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Potential for abuse is no reason to outlaw a useful drug [[{"type":"media","view_mode":"media_large","fid":"1603528","attributes":{"alt":"","class":"media-image","height":"120","title":"Joel Mathis","width":"120"}}]]Yes, it's true: Drugs used to ...

Potential for abuse is no reason to outlaw a useful drug
Yes, it’s true: Drugs used to treat pain or relieve the symptoms of disease can often be used for recreational purposes. That’s true of marijuana. It’s also true of OxyContin, Valium and Ritalin - three of the most-abused drugs in America - yet no one is trying to ban them from sale or to prohibit doctors from using their best judgment in prescribing them to patients who can benefit from them. The difference between marijuana and those lab-created drugs? Marijuana is probably safer. You can’t really overdose on it, after all. “In absolute terms, states with a medical marijuana law had about 1,700 fewer opioid painkiller overdose deaths overall in 2010 alone than would be expected based on trends before the laws were passed,” Colleen L. Barry, a researcher at the Johns Hopkins Bloomberg School of Public Health in Baltimore, testified last year. “While medical marijuana laws have been controversial, our study indicates an important unintended benefit of state medical marijuana laws.” Is medical marijuana a gateway to full weed legalization? Not necessarily. We’ve lived a long time in this country with the understanding - however imperfectly executed - that the availability of prescription drugs doesn’t imply society’s approval for their recreational use. We could probably come to the same understanding with pot. Would the advent of medical marijuana be abused by a few Seth Rogen types? Undoubtedly. And yet: So what? The existence of Seth Rogen has managed to annoy a North Korean dictator, but society itself doesn’t seem much the worse for having him around and contributing, does it? What does medical marijuana get us? Probable pain relief for those who need it. Reduced deaths for those who might rely on pills to get by. And, it seems, a few more “Reefer Madness” fantasies from folks who fear the results of compassion. How sad. How silly. And how antiquated. Twenty-three states already have passed medical marijuana laws. The issue has the backing of both Republicans and Democrats, who agree on little else these days. Prohibition usually hurts more than it helps. Let’s get this new bill passed, and quickly. Joel Mathis (joelmmathis@gmail.com) is associate editor for Philadelphia Magazine.Potential for abuse is no reason to outlaw a useful drug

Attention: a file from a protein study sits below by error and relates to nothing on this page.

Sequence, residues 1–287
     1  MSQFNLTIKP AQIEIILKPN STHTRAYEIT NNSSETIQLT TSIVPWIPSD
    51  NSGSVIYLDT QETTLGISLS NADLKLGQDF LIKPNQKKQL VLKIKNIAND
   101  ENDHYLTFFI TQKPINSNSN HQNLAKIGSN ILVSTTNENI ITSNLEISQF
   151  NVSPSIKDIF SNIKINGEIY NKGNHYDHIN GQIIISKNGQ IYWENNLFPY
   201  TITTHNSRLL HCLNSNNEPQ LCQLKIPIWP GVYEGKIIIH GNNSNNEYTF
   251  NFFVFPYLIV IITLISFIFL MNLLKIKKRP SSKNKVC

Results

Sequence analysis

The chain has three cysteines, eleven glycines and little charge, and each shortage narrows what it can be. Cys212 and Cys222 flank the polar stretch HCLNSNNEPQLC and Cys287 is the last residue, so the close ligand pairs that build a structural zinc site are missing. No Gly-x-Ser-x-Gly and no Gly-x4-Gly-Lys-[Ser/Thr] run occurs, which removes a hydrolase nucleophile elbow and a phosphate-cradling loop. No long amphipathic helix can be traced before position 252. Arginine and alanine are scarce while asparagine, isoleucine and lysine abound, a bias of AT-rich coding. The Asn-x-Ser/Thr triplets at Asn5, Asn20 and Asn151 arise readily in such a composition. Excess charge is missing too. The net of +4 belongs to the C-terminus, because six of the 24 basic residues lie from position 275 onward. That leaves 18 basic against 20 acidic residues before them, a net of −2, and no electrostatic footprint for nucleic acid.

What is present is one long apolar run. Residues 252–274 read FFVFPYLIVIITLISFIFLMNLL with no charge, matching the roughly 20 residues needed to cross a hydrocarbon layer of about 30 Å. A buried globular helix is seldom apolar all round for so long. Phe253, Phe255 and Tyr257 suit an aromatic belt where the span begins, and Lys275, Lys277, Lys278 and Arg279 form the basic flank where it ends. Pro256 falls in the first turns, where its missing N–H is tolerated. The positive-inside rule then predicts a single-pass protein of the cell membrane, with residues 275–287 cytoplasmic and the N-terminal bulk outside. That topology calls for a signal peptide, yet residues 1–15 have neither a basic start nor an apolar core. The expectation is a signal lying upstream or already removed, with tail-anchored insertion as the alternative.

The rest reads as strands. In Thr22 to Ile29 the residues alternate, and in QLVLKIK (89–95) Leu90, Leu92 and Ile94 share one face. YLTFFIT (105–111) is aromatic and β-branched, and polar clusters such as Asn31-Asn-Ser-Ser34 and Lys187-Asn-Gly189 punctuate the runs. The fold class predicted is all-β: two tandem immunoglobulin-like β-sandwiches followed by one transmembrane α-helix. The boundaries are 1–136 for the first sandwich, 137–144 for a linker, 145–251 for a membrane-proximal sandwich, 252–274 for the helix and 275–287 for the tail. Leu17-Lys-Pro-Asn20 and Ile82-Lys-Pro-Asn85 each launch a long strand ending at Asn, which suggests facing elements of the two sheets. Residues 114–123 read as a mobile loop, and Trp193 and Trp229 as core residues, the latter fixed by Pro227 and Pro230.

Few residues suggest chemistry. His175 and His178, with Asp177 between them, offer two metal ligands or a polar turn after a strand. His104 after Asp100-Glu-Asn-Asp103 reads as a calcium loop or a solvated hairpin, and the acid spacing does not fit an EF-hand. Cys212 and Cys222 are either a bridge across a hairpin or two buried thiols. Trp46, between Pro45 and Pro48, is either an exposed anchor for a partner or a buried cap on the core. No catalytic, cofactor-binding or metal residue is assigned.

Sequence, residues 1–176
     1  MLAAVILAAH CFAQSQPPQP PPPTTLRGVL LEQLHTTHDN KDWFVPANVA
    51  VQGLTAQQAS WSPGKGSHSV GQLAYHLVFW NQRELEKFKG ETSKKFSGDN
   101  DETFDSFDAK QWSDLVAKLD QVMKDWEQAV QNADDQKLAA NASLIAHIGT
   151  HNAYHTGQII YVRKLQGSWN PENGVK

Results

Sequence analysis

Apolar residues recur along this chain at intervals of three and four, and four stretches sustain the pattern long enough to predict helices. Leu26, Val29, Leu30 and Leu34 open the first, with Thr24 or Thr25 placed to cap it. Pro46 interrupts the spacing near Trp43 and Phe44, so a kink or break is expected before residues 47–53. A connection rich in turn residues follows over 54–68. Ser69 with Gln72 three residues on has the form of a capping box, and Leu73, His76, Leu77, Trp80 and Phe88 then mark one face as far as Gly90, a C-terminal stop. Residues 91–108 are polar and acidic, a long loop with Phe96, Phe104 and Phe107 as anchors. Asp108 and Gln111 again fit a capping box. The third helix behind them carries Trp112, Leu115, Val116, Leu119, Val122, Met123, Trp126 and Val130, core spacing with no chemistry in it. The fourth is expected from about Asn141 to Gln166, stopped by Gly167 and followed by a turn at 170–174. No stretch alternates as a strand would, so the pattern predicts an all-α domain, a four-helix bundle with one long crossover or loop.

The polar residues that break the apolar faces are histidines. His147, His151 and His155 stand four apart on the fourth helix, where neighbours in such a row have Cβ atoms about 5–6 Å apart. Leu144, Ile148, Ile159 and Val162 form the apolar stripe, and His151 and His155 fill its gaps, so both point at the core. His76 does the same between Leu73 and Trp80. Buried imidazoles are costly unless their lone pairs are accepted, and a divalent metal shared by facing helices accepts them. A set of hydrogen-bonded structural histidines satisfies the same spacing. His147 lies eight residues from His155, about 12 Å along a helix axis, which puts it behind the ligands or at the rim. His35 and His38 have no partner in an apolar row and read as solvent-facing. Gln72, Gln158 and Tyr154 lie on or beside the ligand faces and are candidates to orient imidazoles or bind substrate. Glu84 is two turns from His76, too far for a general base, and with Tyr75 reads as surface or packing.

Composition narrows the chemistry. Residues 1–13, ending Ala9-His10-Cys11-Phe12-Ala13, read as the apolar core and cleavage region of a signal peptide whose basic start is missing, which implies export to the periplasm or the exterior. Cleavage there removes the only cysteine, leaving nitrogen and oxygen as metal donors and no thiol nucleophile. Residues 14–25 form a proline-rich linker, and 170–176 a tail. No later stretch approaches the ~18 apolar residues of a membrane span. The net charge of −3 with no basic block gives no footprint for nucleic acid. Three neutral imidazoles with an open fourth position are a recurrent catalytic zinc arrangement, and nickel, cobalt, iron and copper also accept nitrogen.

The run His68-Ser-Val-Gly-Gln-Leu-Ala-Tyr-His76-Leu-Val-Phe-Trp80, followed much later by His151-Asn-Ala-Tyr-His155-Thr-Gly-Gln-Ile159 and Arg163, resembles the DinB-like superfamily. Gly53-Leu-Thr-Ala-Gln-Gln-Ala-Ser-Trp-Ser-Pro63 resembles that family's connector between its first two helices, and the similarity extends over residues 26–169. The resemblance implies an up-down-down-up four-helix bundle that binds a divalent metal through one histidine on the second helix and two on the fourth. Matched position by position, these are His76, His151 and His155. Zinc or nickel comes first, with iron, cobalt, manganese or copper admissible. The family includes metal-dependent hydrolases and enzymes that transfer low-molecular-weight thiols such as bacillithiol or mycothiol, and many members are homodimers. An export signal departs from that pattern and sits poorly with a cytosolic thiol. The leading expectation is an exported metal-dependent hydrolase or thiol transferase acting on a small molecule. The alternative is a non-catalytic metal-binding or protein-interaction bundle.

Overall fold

Yes, it’s true: Drugs used to treat pain or relieve the symptoms of disease can often be used for recreational purposes.That’s true of marijuana. It’s also true of OxyContin, Valium and Ritalin - three of the most-abused drugs in America - yet no one is trying to ban them from sale or to prohibit doctors from using their best judgment in prescribing them to patients who can benefit from them.The difference between marijuana and those lab-created drugs? Marijuana is probably safer. You can’t really overdose on it, after all.“In absolute terms, states with a medical marijuana law had about 1,700 fewer opioid painkiller overdose deaths overall in 2010 alone than would be expected based on trends before the laws were passed,” Colleen L. Barry, a researcher at the Johns Hopkins Bloomberg School of Public Health in Baltimore, testified last year. “While medical marijuana laws have been controversial, our study indicates an important unintended benefit of state medical marijuana laws.”Is medical marijuana a gateway to full weed legalization? Not necessarily. We’ve lived a long time in this country with the understanding - however imperfectly executed - that the availability of prescription drugs doesn’t imply society’s approval for their recreational use. We could probably come to the same understanding with pot.Would the advent of medical marijuana be abused by a few Seth Rogen types? Undoubtedly. And yet: So what? The existence of Seth Rogen has managed to annoy a North Korean dictator, but society itself doesn’t seem much the worse for having him around and contributing, does it?What does medical marijuana get us? Probable pain relief for those who need it. Reduced deaths for those who might rely on pills to get by. And, it seems, a few more “Reefer Madness” fantasies from folks who fear the results of compassion. How sad. How silly.And how antiquated. Twenty-three states already have passed medical marijuana laws. The issue has the backing of both Republicans and Democrats, who agree on little else these days. Prohibition usually hurts more than it helps. Let’s get this new bill passed, and quickly.Joel Mathis (joelmmathis@gmail.com) is associate editor for Philadelphia Magazine.

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